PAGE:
What THEY Didn’t Teach Me in Engineering School

I left the University of British Columbia in 1978, so long enough ago that I have only a hazy recollection of the courses, exams, assignments and other hurdles I had to leap over to earn a degree in Geological Engineering. I remember little of what I was taught by THEM, but THEMselves I recall as generally kind folk, often too busy to explain the magic of Linear Algebra, or the weirdness of Nth Disordered Partial Differential Equations. THEY were overworked and professorially remote, and when I asked “What good is this stuff anyhow?”, some would chant the mantra: “You will find this background useful; You will find this background useful; You will find ….:’.

I suspected then that THEY were not telling the truth. Much of the useful background is now long forgotten because it was never usable to me. Background that would have been useful, such as “Lessons in Professional Life”, were rarely presented. Yet, even if there had been such courses, I probably would not have studied hard for them since there were just too many engineering problem sets and term papers to permit me to focus on a subject as fuzzy as Professional Life. Besides, I was told what a fine education I was getting, so what else was there to learn? Eventually, though, I had to teach myself the Lessons THEY never taught me, or I that never learned. I want to share some of them with you here:

THEY told me that entropy was something like dS/dt , that it tended to increase and that it was an important process in physical chemistry, but THEY never warned me that chaos also threatens every engineering geoscience consulting project.

THEY showed me how to draft unlikely projections of mechanical widgits, but not how to prepare a site plan clear enough for a draftsperson to easily redraw.

THEY insisted that I triple-integrate the imaginary component of some mutant killer Ninja equation, and yet I was never told that in the Real world, reconciling a weekly expense report would be as challenging an exercise in math and even more relevant to my checking account.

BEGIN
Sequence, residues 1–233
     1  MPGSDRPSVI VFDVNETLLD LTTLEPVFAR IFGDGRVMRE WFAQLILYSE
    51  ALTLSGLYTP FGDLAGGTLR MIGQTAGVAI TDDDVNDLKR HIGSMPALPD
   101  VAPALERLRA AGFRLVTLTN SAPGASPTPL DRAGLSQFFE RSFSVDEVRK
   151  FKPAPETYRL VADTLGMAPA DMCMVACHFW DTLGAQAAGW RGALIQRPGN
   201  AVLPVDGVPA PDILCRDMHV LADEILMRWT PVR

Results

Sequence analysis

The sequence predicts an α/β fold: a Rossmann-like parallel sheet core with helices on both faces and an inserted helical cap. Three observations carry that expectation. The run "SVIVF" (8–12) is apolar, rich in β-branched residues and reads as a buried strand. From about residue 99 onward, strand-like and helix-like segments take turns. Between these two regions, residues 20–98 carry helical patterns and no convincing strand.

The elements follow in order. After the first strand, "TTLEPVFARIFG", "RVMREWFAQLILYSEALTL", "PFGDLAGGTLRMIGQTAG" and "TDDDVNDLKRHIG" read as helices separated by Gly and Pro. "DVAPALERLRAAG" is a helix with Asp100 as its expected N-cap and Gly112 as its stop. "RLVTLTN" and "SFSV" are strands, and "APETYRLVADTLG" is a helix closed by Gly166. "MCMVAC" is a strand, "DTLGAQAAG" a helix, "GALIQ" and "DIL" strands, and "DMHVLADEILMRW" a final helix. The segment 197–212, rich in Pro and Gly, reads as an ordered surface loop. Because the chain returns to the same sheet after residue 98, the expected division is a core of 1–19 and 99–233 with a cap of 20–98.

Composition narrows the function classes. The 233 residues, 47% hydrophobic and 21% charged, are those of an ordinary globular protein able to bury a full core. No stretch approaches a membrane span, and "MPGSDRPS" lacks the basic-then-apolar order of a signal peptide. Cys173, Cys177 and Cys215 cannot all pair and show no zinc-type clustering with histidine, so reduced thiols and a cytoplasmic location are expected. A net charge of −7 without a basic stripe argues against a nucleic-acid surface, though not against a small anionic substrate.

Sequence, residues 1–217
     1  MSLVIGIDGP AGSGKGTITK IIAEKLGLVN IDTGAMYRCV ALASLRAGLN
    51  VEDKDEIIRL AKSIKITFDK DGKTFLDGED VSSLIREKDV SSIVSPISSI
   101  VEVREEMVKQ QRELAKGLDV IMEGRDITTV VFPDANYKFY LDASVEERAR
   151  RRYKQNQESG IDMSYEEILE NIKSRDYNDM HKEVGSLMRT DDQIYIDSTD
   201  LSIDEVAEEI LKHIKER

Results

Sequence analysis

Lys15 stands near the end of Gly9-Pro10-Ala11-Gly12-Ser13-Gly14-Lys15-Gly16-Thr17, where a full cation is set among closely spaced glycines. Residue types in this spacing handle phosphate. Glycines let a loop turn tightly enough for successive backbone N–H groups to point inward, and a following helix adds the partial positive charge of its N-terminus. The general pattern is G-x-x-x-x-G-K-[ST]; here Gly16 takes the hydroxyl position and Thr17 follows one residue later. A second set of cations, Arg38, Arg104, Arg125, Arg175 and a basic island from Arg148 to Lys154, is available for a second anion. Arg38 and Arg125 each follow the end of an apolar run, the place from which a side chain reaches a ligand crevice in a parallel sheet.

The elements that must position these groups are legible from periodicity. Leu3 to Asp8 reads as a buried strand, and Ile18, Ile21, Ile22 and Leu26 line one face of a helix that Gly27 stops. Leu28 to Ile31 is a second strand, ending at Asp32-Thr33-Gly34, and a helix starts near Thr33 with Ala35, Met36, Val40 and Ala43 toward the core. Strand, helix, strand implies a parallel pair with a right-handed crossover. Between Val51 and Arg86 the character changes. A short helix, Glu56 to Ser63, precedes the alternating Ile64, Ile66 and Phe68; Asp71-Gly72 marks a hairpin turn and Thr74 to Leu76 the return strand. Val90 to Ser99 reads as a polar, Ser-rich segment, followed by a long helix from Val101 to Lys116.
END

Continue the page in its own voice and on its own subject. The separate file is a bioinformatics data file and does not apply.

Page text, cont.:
THEY said that Poisson, LaPlace, and Helmholtz were the names of important scientists whose Laws and Rules and strange symbols I must know in order to graduate, without also tell¬ing me that really important people have names like Smith-Bottomley, Fukuoshi, Arulandaham or Rogoszoliewski, and that they are important because they are living folk like supervisors, colleagues, support staff and clients.

THEY told me that the consulting world was symbolized by the triad of Owner/Architect-Engineer/Contractor and that, as an engineer, I could draw a solid contractual line between myself and the Owner, but was connected to the Contractor only by dashes. As an independent exercise, it was left to me to learn that the Owner/Engineer line was a leash on which the Owner could tug whenever the project ran behind schedule or ahead of budget (either way I had to work overtime…); and that the feeble dashed line between me and the Contractor would not protect me from the burly job site superintendent who could swear at me until I blushed or lost my temper.

THEY did warn me that, as a junior engineer, I could expect to travel a bit and possibly work long hours now and again. THEY got that part very wrong: I’m graying now and don’t expect to stop traveling until I’m silver. The work weeks rarely shortened to 40 hr, but the reward for hundreds of hours of unpaid overtime was not an A+, but a wounded marriage and a bewildering lay-off.

THEY never told me that I should have learned some Spanish, Farsi, Melanesian Pidgin or Clear Written English as well as FORTRAN IV I never needed the computer code, but a smattering of the other languages would have come in useful later in my career.